city could use up the front end of a week's vacation!

Best,
Tom

This message was edited by TCS on 2-6-07 @ 4:55 PM

251
General Discussion / Renting a bike for touring
« on: February 06, 2007, 10:00:37 am »
Barry,

I'm not aware of any operation that either rents touring bicycles or rents bicycles that aren't returned to the starting location.  I think this might be a "chicken and egg" thing with the flyable bike industry (S&S, BreakAway, BikeFriday, folders, etc.).

Another thought is to walk into a bike shop at your starting city with your own pedals, saddle and panniers and buy a bike and rack.  A bike like a Trek SU100 or 7.2FX (every maker offers similar models) isn't terribly expensive, and while they're certainly not dedicated, purpose built touring bicycles, with their sturdy frames, wide tires and low gears either would be a much better touring mount than most of the bikes that were ridden across the country on Bikecentenial in 1976.  At the end of the ride you could sell the bike or donate it to a non-profit.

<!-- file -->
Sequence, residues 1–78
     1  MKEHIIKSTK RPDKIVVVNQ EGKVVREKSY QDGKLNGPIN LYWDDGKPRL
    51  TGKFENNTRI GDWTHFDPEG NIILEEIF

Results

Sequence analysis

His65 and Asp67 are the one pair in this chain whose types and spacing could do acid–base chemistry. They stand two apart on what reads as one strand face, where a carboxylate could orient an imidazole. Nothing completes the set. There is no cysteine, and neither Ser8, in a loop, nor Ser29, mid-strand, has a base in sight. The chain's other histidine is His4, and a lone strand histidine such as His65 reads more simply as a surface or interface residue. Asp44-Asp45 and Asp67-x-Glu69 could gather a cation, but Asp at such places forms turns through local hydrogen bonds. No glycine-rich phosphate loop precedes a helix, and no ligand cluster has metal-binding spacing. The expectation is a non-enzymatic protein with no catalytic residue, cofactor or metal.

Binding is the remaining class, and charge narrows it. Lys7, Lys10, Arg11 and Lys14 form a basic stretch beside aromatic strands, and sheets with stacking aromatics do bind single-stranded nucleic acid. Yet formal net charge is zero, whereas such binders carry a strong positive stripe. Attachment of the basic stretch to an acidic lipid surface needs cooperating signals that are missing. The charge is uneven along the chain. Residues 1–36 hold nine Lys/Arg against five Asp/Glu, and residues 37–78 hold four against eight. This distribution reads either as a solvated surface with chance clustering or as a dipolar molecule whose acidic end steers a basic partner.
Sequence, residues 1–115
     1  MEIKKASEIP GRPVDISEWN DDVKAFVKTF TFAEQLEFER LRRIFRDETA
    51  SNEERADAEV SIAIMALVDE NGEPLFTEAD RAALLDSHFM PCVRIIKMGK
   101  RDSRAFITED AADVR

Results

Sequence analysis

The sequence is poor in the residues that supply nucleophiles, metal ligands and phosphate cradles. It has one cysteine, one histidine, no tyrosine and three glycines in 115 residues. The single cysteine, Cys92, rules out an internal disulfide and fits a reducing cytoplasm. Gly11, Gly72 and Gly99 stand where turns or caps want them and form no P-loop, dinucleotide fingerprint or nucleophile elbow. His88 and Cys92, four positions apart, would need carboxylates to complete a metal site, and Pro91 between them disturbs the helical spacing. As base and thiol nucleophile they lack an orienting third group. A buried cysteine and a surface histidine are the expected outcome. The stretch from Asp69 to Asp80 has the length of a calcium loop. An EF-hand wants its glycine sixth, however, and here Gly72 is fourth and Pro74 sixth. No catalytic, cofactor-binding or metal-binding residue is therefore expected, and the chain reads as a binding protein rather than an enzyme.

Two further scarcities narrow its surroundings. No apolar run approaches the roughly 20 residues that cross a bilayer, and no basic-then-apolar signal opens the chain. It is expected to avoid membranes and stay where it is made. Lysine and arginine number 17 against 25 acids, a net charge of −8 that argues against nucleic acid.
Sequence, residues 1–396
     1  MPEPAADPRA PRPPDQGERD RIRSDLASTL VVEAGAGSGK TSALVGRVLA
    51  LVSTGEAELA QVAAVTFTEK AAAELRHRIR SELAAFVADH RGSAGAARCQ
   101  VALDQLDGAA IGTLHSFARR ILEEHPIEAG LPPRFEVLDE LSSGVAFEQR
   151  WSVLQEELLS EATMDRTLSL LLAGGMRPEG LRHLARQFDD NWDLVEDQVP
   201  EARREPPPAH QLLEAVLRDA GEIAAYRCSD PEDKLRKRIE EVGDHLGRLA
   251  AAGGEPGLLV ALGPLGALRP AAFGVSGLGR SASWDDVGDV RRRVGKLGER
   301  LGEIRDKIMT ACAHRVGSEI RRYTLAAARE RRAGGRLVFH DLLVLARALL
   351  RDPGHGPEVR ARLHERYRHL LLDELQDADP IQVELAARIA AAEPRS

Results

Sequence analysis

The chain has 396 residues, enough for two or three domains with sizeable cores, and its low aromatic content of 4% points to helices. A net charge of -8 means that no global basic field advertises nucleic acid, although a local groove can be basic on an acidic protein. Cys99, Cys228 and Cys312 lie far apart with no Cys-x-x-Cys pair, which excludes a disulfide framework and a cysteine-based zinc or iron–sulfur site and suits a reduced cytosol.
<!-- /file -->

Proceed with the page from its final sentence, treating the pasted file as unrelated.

HTH,
Tom


252
General Discussion / I'm new here...
« on: January 13, 2007, 05:47:40 pm »
If you're camping+riding, you might look at bikes like the Bianchi Volope,
Cannondale T800, Fuji Touring, Jamis Aurora, Novara Randonnee or Trek
520.

If you're staying in motels and eating in, you might look for bikes like the
Cannondale Sport Road 800 or Trek Pilot 1.2.

HTH,
Tom


253
General Discussion / Bike Friday Touring Bikes????
« on: November 29, 2006, 11:00:49 pm »
In addition to the wonderful BikeFridays, other airline-checkable
options include full size bikes with S&S couplers (example):

http://www.co-motion.com/travmenu.html

Bikes using the Ritchey BreakAway system (example):

http://image.www.rakuten.co.jp/hakusen/img10633839300.jpeg

http://www.dahon.com/images/bikes/large/folded/allegro.jpg

And upper-end folding bikes (example):

http://www.gaerlan.com/dahon/pack.htm

It's a great time to be a bike tourist!
TCS